Communicating, cooperating, and coordinating are among John Petersen’s formula for success and “transformational growth” for The University of Tennessee Space Institute.
“We want transformational – not just incremental growth,” he said.
The UT president shared these and other ideas June 13 in a luncheon speech at UTSI for Support Council members and other guests, and earlier in an open forum for the Institute family.
“Communications is our weakest link – with each other and with our partners,” Petersen said. “We must communicate what we mean to Tennessee and to the United States. Everybody – not just the administration and faculty – must understand UTSI’s missions, goals, and how to get there.”
While saying UTSI has unique strengths and “does things that no one else can do,” Petersen cautioned that “We must focus on things that we can do well. We must ask ‘How can we help each other be more successful?’ We are not in competition. We must not think microscopic; we cannot do it all alone.”
State Senators Douglas Henry and Jerry Cooper, state Rep. George Fraley, Ralph Barnett, assistant commissioner of education, Tullahoma Mayor Troy Bisby, Coffee County Mayor-Elect David Pennington, and Jody Baltz, Tullahoma city administrator, were among public officials at the luncheon.
Donald C. Daniel, UT associate vice president and chief operating officer of UTSI, said there is “a great potential for partnership” and predicted that Federal research funding for the Space Institute “will get better.”
With plans to hire several new faculty members, Daniel said, “We are building teams with folks who know research. Personal contact is very important in seeking research funding.”
Stressing his vision of the Space Institute as “the UT flagship in Middle Tennessee,” Daniel said he sees “a very bright future” for UTSI’s distance education programs, with both the Aviation Systems and Engineering Management programs gaining students.
Senator Henry said that while UTSI is “outside my senatorial district and might be considered as local, as a citizen of Tennessee, I want to say that this Space Institute is of great value to the entire State of Tennessee.”
Reeling off a list of partners ranging from AEDC to Oak Ridge National Laboratory and from Georgia Tech to Wright-Patterson Air Force Base, Petersen warned that “we should not try to be all things to all people; we must pick and choose, do the things we do best, and remember we are not in a vacuum. Focus is the key.”
Noting that the “locus of the automotive industry is no longer in Michigan but in this area of the country,” Petersen recommended “looking ahead to where we should be in 20 years.”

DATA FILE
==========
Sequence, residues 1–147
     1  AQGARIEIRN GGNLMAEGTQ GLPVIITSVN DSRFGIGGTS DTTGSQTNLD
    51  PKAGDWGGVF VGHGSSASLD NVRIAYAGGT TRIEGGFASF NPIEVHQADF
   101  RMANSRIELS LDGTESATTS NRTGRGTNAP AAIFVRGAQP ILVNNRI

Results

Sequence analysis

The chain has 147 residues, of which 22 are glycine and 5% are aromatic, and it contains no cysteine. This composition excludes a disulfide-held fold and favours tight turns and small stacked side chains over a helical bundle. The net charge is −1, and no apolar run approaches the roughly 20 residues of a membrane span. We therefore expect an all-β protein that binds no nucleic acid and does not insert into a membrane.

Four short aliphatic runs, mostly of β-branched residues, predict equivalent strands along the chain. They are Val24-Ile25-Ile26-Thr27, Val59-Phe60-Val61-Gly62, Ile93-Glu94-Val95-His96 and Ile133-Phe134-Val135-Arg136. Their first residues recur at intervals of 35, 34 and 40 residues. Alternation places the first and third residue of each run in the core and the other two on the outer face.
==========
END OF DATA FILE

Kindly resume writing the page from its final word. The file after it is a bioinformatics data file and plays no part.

Petersen said UTSI’s current search for additional tenure-track and research professors timely as the Institute seeks to “recruit the best faculty in the world.”
The president stressed the importance of cooperation between UT Knoxville and the Space Institute, including perhaps an exchange of students for specific classes. As for Gov. Phil Bredesen’s plans to locate a high school at UTSI for exceptional math and science students, Petersen asked, “What better place than here…where the best and the brightest can explore the real world?”
“Our most precious resource is people,” the president said. “More than 70 percent of our investment is in people. This is much higher than in industry.”
Petersen was accompanied by a host of UT officials including Executive Vice President Jack Britt, Dan Stewart, Britt’s special assistant, David Millhorn, UT vice president for research, Hank Dye, UT vice president for public and government relations, Gina Stafford, UT director of communications, and Anthony Haynes, UT director of state relations, and UT Knoxville Chancellor Loren Crabtree and Way Kuo, dean, UT Knoxville College of Engineering.
Navy Captain Christopher Flood, vice commander of AEDC, David Elrod, ATA General Manager at AEDC, Dan J. Marcum, UT Development Council president, Ed Kraft, AEDC chief scientist, Craig A. Blue, deputy division director of technology, Materials Science and Technology Division, Oak Ridge National Laboratory, and David Whitfield, director, UT Chattanooga Sims Center, were also among those at the luncheon.
In the afternoon, the visitors toured UTSI’s Center for Laser Applications and carbon fiber spin laboratory before visiting AEDC.